Mozaic of The Council of Nicaea

The Decline of Christmas’ Popularity

Christmas then began to be overshadowed by other religious Holidays. The Epiphany, which celebrates the visit of the Magi to Jesus (the three wise men) at his birth, became more important than his birth itself. This was largely because of the declaration by the Magi that he was the son of God, according to the Gospels.

However, Christmas made a comeback after Charlemagne was crowned Emperor of the Holy Roman Empire on Christmas day in 800 CE. This royal association with Christmas gave the day more significance to Western Christians. Meanwhile, in the East, the preference for the Epiphany was even more significant. Amongst other things, this led to the schism between the West and Eastern churches.

Other kings of Europe would follow Charlemagne's example. King William I of England was crowned on Christmas day, for example!

Over the next few centuries, Christmas would fall in and out of favour. Extreme reformers such as the Puritans and even some Catholics saw Chrismas as an indulgence of misrule and anarchy.

 Extreme religious Puritansin prayer with flowers in the background
Puritans in Prayer

The Introduction of Traditional Christmas Flowers and Plants

The Middle Ages also saw symbols of Christmas start to diverge from Roman origins. The concept of dried flowers as a decoration caught on, especially during the Winter months. Soon, Christmas would be home to a whole set of Christmas-time flowers. Ivy, Holly, and other evergreen symbols of traditional Christmas flowers began appearing.

The concept of a Christmas plant comes from Pagan religions. Largely, this was possible thanks to the Christianisation of the Baltic and Slavic regions. They had a far greater nature-based paganism. So Christianity learnt to associate their religion with the traditions of the conquered, just like the Romans - thus, we have some of our favourite traditional Christmas flowers today!

Christmas Plants

The best-known Christmas flowers are the Christmas Tree. This is a tradition dating as far back as Polish Slavic folklore. The Slavic believed it was seen as good fortune to bring an evergreen wreath or an entire branch or tree into your home.

As Christianity modernised and changed, so did its celebrations. By the time of the reformation and beyond, much had changed indeed. The courtly culture of European royalty introduced fantastic dinners, pageants and balls. King James I insisted that a play be acted on Christmas Night, which originates the idea of a Christmas Panto quite nicely.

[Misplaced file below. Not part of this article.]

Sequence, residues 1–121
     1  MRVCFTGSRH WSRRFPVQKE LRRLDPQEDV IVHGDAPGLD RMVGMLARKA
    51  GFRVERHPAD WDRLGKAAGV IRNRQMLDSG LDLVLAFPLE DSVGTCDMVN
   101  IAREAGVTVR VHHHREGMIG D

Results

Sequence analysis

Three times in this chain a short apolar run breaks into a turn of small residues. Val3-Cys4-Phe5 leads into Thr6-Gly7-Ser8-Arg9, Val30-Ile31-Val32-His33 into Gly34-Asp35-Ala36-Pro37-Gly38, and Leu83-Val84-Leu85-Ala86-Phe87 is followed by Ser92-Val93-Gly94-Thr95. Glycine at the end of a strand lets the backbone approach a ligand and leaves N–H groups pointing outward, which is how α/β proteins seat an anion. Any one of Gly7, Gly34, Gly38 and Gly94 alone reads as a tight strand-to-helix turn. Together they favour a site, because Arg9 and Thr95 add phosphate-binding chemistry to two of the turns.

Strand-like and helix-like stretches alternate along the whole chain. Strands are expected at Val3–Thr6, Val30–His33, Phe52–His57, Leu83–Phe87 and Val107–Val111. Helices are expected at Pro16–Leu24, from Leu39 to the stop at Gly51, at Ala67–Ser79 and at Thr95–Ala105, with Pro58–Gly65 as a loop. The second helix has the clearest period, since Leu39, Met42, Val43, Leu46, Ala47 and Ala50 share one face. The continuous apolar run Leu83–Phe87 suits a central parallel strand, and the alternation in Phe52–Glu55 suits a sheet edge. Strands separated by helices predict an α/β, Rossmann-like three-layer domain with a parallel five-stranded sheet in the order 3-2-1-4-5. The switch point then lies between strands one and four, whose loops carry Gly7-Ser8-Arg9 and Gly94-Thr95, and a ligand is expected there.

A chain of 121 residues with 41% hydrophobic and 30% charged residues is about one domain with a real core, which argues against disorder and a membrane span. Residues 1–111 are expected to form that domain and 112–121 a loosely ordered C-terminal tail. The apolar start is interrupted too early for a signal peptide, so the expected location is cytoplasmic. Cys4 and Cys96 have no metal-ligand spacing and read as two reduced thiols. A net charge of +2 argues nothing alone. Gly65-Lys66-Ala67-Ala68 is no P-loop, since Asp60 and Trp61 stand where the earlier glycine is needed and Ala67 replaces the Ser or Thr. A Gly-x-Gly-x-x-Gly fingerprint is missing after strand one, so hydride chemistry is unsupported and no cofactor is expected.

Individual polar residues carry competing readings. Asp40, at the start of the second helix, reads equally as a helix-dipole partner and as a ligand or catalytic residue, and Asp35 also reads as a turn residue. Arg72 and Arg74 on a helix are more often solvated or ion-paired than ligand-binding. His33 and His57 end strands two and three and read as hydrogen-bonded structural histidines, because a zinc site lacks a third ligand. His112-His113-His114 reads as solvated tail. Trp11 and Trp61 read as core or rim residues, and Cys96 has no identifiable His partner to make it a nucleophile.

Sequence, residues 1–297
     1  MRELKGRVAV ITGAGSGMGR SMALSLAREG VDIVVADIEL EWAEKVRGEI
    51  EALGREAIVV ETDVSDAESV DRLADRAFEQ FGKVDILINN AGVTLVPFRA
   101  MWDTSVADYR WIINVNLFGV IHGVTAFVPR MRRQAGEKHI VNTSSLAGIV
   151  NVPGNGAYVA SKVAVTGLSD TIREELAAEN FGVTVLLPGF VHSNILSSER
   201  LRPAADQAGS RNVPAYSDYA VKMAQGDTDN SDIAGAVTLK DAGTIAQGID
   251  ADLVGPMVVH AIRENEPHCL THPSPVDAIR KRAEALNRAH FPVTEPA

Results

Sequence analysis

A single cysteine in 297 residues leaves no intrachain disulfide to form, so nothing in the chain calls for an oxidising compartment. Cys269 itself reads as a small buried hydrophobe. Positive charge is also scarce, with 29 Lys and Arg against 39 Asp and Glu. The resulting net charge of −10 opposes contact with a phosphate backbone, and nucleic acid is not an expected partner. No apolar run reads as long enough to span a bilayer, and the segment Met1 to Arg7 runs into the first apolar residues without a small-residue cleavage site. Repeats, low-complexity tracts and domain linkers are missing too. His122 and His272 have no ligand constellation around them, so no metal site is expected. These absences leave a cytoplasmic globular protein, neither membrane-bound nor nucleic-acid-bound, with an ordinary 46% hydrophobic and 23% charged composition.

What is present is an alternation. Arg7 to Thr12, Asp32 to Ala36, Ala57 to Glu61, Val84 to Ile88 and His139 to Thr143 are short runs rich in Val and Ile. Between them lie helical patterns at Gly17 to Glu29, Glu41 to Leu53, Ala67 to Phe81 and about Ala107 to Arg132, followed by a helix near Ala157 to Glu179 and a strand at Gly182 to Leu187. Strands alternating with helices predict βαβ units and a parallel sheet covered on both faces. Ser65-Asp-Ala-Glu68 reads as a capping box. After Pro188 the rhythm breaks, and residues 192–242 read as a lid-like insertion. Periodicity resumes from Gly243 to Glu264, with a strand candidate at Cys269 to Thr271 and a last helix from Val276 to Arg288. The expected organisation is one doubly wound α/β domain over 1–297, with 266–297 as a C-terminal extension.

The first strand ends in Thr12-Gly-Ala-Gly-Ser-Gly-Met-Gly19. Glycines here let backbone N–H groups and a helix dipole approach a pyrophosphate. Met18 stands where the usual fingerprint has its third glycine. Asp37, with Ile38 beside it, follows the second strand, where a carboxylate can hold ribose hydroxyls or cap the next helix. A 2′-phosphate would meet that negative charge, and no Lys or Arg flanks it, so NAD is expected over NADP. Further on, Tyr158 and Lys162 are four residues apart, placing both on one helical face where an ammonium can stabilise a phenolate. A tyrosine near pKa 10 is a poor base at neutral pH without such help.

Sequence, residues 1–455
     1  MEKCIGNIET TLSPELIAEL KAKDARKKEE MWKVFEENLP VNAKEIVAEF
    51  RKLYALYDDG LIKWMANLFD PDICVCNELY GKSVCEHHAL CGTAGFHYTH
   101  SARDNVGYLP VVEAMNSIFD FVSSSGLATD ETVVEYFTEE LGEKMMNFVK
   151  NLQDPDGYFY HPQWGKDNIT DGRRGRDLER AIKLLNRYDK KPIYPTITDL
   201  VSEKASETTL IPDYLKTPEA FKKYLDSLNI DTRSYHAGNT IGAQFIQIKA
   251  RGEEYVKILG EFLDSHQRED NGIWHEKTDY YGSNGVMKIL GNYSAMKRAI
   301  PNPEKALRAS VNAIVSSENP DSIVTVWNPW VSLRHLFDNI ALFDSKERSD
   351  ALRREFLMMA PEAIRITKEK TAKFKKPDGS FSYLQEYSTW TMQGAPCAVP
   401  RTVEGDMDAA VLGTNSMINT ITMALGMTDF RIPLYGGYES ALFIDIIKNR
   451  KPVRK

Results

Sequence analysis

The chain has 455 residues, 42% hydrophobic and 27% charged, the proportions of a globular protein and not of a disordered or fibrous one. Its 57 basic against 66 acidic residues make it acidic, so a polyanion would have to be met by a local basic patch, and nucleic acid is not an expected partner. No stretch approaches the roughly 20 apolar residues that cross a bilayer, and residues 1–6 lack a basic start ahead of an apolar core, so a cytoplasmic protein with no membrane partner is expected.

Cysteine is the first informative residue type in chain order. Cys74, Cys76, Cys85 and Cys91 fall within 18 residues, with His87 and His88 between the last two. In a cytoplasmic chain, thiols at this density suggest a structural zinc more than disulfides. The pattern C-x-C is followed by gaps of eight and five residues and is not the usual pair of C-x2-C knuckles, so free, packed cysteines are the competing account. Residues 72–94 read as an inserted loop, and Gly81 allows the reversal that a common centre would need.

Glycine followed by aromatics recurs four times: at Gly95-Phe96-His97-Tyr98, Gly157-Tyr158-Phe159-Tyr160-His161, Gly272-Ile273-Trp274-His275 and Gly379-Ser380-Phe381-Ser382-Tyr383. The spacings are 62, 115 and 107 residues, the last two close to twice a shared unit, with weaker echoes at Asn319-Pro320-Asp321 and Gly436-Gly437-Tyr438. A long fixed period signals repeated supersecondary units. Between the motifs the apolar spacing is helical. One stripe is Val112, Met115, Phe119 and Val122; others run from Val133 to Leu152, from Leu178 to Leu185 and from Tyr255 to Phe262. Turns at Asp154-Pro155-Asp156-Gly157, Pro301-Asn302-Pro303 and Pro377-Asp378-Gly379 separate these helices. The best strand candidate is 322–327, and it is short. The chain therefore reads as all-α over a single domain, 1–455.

A traditional style dried flowers wreath that can bring people together during this festive season
Winter Forest Dried Flower DIY Wreath

The Modern day with Modern Ideas

Christmas has changed significantly over the years, but the basic ideas of goodwill and gift-giving have remained central. The main gift giver has altered from magical spirits to a Christ Child giving presents to St Nicholas and eventually Santa Clause.

Many famous authors in the 19th century captured the imaginations of a more literate population. Stories like Charles Dickens's "A Christmas Carol" and Clement C. Moore's "Twas the Night Before Christmas" have earned their way into modern consciousness. Every time you see Christmas time flowers, like trees or wreaths, you have these artists to thank for their popularity.

These stories, along with the modern phenomenon of Capitalistic Christmas, all have solidified Christmas as a yearly celebration of gifts, food and good times. Though, as with much in the world today, there's a threat.

An Environmentally Conscious Christmas

Too often, Christmas is seen as a time of wastefulness. One where we focus on price tags rather than the smiles of our friends and family as they open their gifts and we spend time together. Even more so, Christmas can be seen to contribute to an increase in deforestation. As climate conditions worsen, many corporations struggle to meet the demand for traditional Christmas flowers and gifts without harming the environment.

Eco-Sustainable Christmas Flowers

That's why this year, give a gift that truly holds the spirit of Christmas: something renewable and environmentally conscious. Amaranté's dried flowers are the perfect way to decorate your home and give the best gift you can. Our traditional Christmas flowers are entirely carbon neutral: having a Christmas plant in your home will not harm the world.

Flowers that Last Years not Days

These Christmas-time flowers can last for as long as three years, and truly light up a room in a way that would make the Romans proud to see where we are rather than being ashamed of what we have become.

 

So enjoy the season! Drink and be merry. And most importantly, think about the world we live in and how we want to ensure Christmas is still celebrated for centuries to come.

White Wonderland Large Dried Flower Bouquet